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Almost every ecosystem has been amended so that plants and animals can be used as food, fibre, fodder, medicines, traps and weapons. Historically, wild plants and animals were sole dietary components for hunter–gatherer and forager cultures. Today, they remain key to many agricultural communities. The mean use of wild foods by agricultural and forager communities in 22 countries of Asia and Africa (36 studies) is 90–100 species per location. Aggregate country estimates can reach 300–800 species (e.g. India, Ethiopia, Kenya). The mean use of wild species is 120 per community for indigenous communities in both industrialized and developing countries. Many of these wild foods are actively managed, suggesting there is a false dichotomy around ideas of the agricultural and the wild: hunter–gatherers and foragers farm and manage their environments, and cultivators use many wild plants and animals. Yet, provision of and access to these sources of food may be declining as natural habitats come under increasing pressure from development, conservation-exclusions and agricultural expansion. Despite their value, wild foods are excluded from official statistics on economic values of natural resources. It is clear that wild plants and animals continue to form a significant proportion of the global food basket, and while a variety of social and ecological drivers are acting to reduce wild food use, their importance may be set to grow as pressures on agricultural productivity increase.
‘Any bloke hungry in this country just silly’
(Yarralin man, Northern Territory, Australia: in Bird Rose 1996), p. 99
‘What do you mean by weeds? There is nothing like a weed in our agriculture’
(Woman farmer, Deccan plateau, India: in Mazhar et al. 2007), p. 18.
Globally, an estimated 1.02 billion people are undernourished (FAO 2009). The literature on vulnerability, food security and ecosystem services has tended to emphasize cultivated foods (MEA 2005; Ericksen et al. 2009). However, there is substantial evidence that wild foods are an important part of the global food basket. At regional and national level, food balances guide policies on trade, aid and the declaration of food crises. Notably absent from these is the contribution made by wild edible species. With the routine underestimation of wild foods comes the danger of neglecting the provisioning ecosystems and supportive local knowledge systems that sustain these food chains (Grivetti & Ogle 2000; Mazhar et al. 2007; Pilgrim et al. 2008).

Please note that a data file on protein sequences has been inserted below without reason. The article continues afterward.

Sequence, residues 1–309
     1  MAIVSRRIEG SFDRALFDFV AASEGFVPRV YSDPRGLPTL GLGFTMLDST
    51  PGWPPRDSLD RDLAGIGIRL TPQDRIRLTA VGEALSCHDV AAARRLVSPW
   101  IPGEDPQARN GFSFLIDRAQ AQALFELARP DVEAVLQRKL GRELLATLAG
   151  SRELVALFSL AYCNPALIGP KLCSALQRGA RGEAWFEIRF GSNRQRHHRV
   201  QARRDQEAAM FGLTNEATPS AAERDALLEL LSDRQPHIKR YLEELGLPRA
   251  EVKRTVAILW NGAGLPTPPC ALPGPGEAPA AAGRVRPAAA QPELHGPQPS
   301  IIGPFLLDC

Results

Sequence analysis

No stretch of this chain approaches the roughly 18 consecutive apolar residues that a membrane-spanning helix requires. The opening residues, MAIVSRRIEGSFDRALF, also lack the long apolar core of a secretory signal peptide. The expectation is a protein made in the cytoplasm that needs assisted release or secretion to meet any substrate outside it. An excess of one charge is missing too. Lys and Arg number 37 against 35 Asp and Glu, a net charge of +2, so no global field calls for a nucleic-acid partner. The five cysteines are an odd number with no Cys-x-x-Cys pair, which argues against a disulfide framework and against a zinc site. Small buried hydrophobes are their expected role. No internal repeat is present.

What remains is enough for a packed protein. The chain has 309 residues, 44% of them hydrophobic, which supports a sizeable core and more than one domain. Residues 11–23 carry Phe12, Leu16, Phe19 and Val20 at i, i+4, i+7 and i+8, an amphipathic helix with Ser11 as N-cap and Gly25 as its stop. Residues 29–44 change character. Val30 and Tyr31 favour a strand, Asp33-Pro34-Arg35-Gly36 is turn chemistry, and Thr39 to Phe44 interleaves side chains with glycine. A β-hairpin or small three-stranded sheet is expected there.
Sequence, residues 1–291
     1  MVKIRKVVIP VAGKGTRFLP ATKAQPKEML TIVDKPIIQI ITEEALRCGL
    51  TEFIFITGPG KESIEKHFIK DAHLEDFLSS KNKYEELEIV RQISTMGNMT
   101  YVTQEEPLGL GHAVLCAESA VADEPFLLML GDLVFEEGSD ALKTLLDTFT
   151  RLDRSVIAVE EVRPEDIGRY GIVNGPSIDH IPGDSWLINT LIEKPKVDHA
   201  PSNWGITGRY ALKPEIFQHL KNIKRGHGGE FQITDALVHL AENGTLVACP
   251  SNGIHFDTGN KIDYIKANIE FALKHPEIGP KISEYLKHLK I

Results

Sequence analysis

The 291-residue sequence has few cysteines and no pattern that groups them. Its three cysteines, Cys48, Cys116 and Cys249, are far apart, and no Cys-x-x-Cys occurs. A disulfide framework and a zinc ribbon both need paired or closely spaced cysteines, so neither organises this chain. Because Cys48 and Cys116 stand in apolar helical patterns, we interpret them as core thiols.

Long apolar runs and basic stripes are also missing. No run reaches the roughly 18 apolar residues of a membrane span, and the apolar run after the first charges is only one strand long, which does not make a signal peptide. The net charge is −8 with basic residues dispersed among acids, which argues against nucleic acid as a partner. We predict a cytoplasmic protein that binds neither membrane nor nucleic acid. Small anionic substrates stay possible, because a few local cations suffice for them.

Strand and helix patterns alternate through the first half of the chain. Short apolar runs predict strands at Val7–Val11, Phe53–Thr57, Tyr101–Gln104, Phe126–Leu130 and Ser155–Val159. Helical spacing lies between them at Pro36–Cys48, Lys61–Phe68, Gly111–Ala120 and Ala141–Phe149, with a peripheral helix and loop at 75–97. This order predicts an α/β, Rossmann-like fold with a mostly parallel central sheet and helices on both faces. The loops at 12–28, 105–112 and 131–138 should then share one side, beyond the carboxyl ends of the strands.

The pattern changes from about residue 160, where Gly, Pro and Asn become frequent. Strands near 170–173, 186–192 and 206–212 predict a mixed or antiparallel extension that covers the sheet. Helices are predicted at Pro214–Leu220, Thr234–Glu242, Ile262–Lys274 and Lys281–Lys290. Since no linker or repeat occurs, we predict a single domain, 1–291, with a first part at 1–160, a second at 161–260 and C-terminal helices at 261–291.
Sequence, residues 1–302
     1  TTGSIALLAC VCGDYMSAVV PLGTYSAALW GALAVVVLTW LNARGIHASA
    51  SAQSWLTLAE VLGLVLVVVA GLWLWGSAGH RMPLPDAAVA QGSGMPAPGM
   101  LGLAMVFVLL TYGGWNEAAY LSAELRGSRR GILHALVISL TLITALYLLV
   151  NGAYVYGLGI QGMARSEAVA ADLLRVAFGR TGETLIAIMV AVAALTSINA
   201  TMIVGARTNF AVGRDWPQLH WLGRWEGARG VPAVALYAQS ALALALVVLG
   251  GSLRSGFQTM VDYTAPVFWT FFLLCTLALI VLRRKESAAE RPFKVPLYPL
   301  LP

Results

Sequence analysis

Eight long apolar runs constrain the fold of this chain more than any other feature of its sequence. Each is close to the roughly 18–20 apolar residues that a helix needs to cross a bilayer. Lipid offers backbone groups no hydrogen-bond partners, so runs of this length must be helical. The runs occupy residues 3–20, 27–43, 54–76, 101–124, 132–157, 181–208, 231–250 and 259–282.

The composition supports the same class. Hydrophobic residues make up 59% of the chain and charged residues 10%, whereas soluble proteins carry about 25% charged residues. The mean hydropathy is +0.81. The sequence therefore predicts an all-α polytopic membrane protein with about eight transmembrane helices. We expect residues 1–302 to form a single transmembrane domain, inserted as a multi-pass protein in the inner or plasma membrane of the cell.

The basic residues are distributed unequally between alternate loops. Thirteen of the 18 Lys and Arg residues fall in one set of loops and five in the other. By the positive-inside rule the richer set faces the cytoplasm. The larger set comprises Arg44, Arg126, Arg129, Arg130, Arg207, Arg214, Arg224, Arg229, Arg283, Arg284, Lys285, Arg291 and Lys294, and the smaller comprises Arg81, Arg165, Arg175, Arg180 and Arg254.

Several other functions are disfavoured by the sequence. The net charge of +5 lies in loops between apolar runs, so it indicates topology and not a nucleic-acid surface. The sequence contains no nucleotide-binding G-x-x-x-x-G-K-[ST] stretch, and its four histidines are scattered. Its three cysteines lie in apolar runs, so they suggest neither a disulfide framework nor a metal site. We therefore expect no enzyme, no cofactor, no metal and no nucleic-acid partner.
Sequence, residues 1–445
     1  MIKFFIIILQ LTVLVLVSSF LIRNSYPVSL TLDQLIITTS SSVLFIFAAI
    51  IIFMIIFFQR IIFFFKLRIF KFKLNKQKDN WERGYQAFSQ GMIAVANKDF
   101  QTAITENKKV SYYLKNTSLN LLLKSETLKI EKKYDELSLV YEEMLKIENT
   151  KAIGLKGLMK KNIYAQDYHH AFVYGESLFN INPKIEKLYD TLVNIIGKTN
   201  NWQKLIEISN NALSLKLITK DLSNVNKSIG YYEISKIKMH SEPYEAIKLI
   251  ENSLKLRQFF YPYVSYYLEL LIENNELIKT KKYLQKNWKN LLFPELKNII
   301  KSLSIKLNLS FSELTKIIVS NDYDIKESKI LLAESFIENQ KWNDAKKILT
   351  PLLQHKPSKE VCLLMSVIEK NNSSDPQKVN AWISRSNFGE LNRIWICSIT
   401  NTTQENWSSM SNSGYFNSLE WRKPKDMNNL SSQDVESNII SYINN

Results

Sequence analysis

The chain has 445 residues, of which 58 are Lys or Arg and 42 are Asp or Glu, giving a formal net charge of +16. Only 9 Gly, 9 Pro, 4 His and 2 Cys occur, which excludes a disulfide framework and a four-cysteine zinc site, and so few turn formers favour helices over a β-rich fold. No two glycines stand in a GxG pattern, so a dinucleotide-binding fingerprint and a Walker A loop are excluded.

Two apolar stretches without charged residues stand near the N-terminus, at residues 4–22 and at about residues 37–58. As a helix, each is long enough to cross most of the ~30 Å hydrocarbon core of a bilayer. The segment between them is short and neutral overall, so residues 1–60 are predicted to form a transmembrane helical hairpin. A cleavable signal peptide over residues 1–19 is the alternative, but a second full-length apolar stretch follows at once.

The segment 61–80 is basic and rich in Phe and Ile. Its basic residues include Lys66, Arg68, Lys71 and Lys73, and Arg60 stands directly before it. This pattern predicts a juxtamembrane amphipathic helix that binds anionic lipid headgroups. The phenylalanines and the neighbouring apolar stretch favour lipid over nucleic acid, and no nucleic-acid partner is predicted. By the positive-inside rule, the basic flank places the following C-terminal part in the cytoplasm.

A central assumption about non-agricultural societies has been that they represent an earlier stage of cultural evolution, or the outcome of cultural devolution (Barnard 1999). It was long supposed that cultures progressed from hunter–gatherer to agricultural to industrial. Beginning with Hobbes's 1651 observation that the life of ‘natural man’ was ‘solitary, poore, nasty, brutish and short’, cultural evolutionary views—distinguishing between ‘natural’ and ‘civilized’ peoples—persisted from the eighteenth to the late twentieth centuries (Meggers 1954; Lathrap 1968). Lathrap, for example, uses terms such as devolution, degradation and wreckage of former agricultural societies to describe communities in the Amazon that engage in hunting, gathering and foraging (Barnard 1999).
Evidence has revealed the limitations of these perspectives (Kent 1989; Kelly 1995). The landmark Man the Hunter conference and book (Lee & DeVore 1968) showed hunter–gatherers to be rich, knowledgeable, sophisticated and above all different from one another. There was no single stage of human development, just different adaptations to ecological and social circumstances. It is now better accepted, though not universally, that cultures are adapted to localities, and thus are configured with a wide variety of land uses and livelihoods. As a result, foraging and farming across the world are actually ‘overlapping, interdependent, contemporaneous, coequal and complementary’ (Sponsel 1989). This suggests that many rural people and their cultures might be better known as variants of cultivator–hunters or farmer–foragers rather than just farmers or hunter–gatherers. Culture and nature are thus bound together (Berkes 1999; Pretty et al. 2010).
Another long-standing stereotype suggests that hunter–gatherers are nomadic and cultivators sedentary. Again, the evidence shows a bewildering array of adaptations and cultural choices. Some horticulturalists move, some hunter–gatherers are sedentary (Vickers 1989; Kelly 1995). Some groups maintain gardens for cultivated food as well as to attract antelopes, monkeys and birds for hunting (Posey 1985). Many apparently hunter–gatherer and forager cultures farm; many agricultural communities use large numbers of non-domesticated resources. The Hohokam are well-known as sophisticated canal irrigators and desert farmers of the American southwest, yet they were hunters, gatherers and foragers too. Szuter & Bayham (1989) thus observed that the ‘convenient labels of hunter–gatherer or farmer are of minimal value… The two activities are complementary’.